Jesus isn’t the only way to salvation, insists TikTok pastor Brandan Robertson, who’s progressive preaching on the Chinese-owned and video-focused social networking service has reached millions.
Aided by animated head movement and a fast-paced tone captured by webcam, Robertson’s concise video messages clock in at under a minute. More than 187,000 accounts follow him on the TikTok platform; his individual videos total more than 4.4 million likes. Last June he was featured in Rolling Stone’s annual Hot List for his LGBT advocacy.
It’s a lot for a message that intentionally contains little.
“If God is infinite, eternal and indescribable and uncontainable, no religion can contain God. Indeed no words can contain God,” Robertsons declares as “someone who’s always on a journey” in a March 24 video.
A graduate of Moody Bible Institute and onetime parishioner of the Anglican Church in North America’s Chicago-based Greenhouse church planting movement, Robertson illustrates a well-worn trajectory for “evangelicals” who squish on sexual ethics, ultimately jettisoning from their beliefs an orthodoxy that first became optional and now is proscribed.
Much of Robertson’s content originates from progressive Christian theologians active across the past century. Those messages were largely relegated to declining Mainline Protestant seminaries, their once-stately campuses sapped of evangelistic vigor by universalism and their missionary fervor diverted to a preoccupation with social activism. Writings of Progressive Christian theologians like Walter Brueggeman, Marcus Borg and John Shelby Spong have lost much of their following in recent decades, but Robertson, an ordained pastor with the Christian Church (Disciples of Christ) and a graduate of the liberal United Methodist affiliated Iliff School of Theology saw an opening to repackage their scriptural interpretations into short, rapidly paced clips that lend themselves to browsing and sharing.
Robertson’s tutelage as a self-styled “public theologian” seems light years from evangelical Christianity: Jesus isn’t the only way to salvation. Hell doesn’t exist. He doesn’t know “what happened after the crucifixion”. Robertson offers a reductionist message effectively whittled down to the golden rule: Christ’s command to “Love your neighbor as yourself” supersedes God’s call to personal holiness and Jesus’ repeated warnings about the reality of hell and the devil.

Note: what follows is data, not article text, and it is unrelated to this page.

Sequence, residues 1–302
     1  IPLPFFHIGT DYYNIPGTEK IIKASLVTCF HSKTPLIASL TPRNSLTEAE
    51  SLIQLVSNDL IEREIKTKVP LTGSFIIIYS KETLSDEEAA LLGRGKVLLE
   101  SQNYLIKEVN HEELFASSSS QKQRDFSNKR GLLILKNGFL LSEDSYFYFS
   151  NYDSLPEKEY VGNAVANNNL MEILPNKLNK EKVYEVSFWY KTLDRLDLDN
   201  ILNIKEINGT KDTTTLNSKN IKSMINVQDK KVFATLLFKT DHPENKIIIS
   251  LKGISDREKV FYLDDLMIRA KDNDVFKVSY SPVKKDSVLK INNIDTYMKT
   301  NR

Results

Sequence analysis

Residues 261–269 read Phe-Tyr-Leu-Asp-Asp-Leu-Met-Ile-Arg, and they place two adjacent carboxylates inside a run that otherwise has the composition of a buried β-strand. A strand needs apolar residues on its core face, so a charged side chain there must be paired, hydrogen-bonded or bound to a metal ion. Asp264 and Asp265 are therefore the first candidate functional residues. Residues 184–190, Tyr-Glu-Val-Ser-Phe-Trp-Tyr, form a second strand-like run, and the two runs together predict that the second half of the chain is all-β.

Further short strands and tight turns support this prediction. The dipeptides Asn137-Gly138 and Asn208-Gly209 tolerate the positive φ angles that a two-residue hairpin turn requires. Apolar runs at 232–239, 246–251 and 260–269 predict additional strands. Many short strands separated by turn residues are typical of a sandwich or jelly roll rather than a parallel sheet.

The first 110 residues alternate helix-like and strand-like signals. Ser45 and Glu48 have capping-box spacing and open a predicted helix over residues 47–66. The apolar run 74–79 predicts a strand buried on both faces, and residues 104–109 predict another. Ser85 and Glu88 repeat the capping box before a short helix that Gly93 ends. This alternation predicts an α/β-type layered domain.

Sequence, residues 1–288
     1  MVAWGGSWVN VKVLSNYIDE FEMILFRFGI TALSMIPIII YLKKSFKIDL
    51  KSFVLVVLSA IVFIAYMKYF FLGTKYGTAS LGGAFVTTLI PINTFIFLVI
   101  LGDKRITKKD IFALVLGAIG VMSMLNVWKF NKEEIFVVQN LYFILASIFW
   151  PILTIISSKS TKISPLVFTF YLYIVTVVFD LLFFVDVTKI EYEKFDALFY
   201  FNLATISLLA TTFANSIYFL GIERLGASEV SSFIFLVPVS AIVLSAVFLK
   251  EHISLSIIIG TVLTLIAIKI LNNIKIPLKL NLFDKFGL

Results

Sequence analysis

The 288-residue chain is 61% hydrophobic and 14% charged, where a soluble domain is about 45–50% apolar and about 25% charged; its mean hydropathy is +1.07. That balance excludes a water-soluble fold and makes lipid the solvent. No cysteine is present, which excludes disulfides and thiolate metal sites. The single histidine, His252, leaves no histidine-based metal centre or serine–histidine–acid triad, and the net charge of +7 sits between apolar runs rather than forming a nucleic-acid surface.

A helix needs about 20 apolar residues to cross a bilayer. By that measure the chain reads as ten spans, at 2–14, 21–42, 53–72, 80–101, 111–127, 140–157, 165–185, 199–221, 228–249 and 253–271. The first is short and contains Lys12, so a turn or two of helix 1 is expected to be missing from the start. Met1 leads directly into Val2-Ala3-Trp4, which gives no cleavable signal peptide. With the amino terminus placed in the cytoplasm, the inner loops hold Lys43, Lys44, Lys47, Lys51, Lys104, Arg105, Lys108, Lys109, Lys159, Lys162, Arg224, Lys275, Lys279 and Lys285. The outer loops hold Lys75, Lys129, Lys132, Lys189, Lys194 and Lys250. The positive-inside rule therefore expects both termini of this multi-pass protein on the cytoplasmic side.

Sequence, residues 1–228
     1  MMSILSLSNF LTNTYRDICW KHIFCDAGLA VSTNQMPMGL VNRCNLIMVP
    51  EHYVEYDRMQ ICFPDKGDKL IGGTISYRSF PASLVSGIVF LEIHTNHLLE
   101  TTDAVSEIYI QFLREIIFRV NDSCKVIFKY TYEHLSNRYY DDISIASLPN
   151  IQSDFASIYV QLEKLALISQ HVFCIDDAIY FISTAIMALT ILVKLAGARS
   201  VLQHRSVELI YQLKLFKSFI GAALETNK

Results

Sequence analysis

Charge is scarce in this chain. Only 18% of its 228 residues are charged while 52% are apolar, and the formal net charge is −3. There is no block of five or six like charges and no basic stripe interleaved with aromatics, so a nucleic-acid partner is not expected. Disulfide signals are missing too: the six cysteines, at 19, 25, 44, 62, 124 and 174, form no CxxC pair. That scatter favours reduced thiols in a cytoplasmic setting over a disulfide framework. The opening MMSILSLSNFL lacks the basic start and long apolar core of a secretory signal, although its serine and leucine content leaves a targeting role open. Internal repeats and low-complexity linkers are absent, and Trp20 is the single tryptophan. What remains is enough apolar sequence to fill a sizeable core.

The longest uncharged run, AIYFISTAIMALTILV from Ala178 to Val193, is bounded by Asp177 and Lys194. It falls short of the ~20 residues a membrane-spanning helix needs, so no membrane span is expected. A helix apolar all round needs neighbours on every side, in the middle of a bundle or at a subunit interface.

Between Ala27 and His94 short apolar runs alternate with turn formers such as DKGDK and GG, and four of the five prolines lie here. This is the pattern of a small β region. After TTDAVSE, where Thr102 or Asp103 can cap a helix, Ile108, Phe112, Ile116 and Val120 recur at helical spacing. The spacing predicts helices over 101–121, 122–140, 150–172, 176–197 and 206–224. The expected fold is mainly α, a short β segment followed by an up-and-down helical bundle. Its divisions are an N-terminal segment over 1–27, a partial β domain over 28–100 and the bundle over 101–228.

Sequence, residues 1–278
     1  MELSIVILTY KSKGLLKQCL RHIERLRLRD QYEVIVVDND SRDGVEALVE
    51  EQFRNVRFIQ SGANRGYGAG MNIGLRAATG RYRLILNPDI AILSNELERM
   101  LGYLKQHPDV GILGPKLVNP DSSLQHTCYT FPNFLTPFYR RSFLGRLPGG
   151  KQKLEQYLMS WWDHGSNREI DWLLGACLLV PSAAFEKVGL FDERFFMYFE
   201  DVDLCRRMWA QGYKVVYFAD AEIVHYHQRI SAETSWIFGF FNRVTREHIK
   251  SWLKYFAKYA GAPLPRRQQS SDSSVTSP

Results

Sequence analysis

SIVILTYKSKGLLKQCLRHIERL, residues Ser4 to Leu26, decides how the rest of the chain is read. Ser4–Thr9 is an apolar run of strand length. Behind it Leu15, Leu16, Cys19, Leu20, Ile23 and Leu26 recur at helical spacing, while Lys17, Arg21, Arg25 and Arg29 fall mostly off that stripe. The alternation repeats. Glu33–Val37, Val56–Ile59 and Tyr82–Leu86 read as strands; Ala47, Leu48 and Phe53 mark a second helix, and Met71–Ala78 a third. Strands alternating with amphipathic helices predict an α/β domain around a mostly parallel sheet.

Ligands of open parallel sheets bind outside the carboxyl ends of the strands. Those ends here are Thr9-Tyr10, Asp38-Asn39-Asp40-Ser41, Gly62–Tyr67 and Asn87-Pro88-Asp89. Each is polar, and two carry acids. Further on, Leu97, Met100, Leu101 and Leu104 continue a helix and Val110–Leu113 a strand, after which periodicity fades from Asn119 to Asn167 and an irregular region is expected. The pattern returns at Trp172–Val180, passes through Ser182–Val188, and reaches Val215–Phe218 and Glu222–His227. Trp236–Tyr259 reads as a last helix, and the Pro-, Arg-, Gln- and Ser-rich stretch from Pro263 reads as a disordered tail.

“I don’t believe in hell, yet I choose to follow Jesus because I know it blesses my life and the world around me,” Robertson shared March 15 in a TikTok video.
In some cases, however, Robertson’s message could only proceed out of an American evangelicalism centered upon individual relationship with God, one that ejects centuries of Christian life rooted in corporate worship and anchored to the Apostles, Nicene and Athanasian creeds. Asked by a viewer if he needs to go to church, believe a creed, or partake in a sacrament to be saved, Robertson replied in a March 17 video that “the answer is very deep, the answer is no.”
Robertson also has his detractors, with which he invites disagreement and further online engagement.
“I don’t know Brandan well at all. But years ago, he was insistent of his evangelical bona fides alongside his support for gay marriage. It always leads to what’s below,” tweeted Andrew T. Walker of Southern Baptist Theological Seminary and a fellow at the Southern Baptist Ethics and Religious Liberty Commission (ERLC). “You cannot sever ethics and remain theologically orthodox. We think we can, but they’re packaged together.”
I don’t know Brandan well at all. But years ago, he was insistent of his evangelical bona fides alongside his support for gay marriage. It always leads to what’s below. You cannot sever ethics and remain theologically orthodox. We think we can, but they’re packaged together. https://t.co/6Kle1LQhgD
— Andrew T. Walker (@andrewtwalk) March 28, 2022
My IRD colleague Chelsen Vicari followed Robertson’s evolution beginning in 2014. In 2015, she watched Robertson tout the “Evangelical” title as he advocated for same-sex marriage. Later, he defined himself as “Christianish,” and by 2018 was calling himself a gay “Renegade Reverend” rethinking sin “as a minister of the Gospel of Jesus Christ.”
Today Robertson claims the title “Christian agnostic,” and publicly affirms practices that significantly deviate from what the church has historically understood to be appropriate.
“Your relationships are holy,” Robertson told “those who are in an open or polyamorous relationship” at his then-congregation of Missiongathering Christian Church, affiliated with the Christian Church (Disciples of Christ) in San Diego, California in 2018. “They are beautiful and they are welcomed and celebrated in this space.”
“For most people, sex before marriage is a healthy expression of the gift of sexuality and is not “sinful” or morally wrong,” Robertson later told Huffington Post the same year.
Much of that may seem passé by now, Robertson tracing his path from, but no longer rooted in, historic Christianity. “I don’t know the absolute truth about the nature of reality or our universe,” Robertson shared on a recent video. “God is bigger than our boxes or ideas.”
Originally published at Juicy Ecumenism.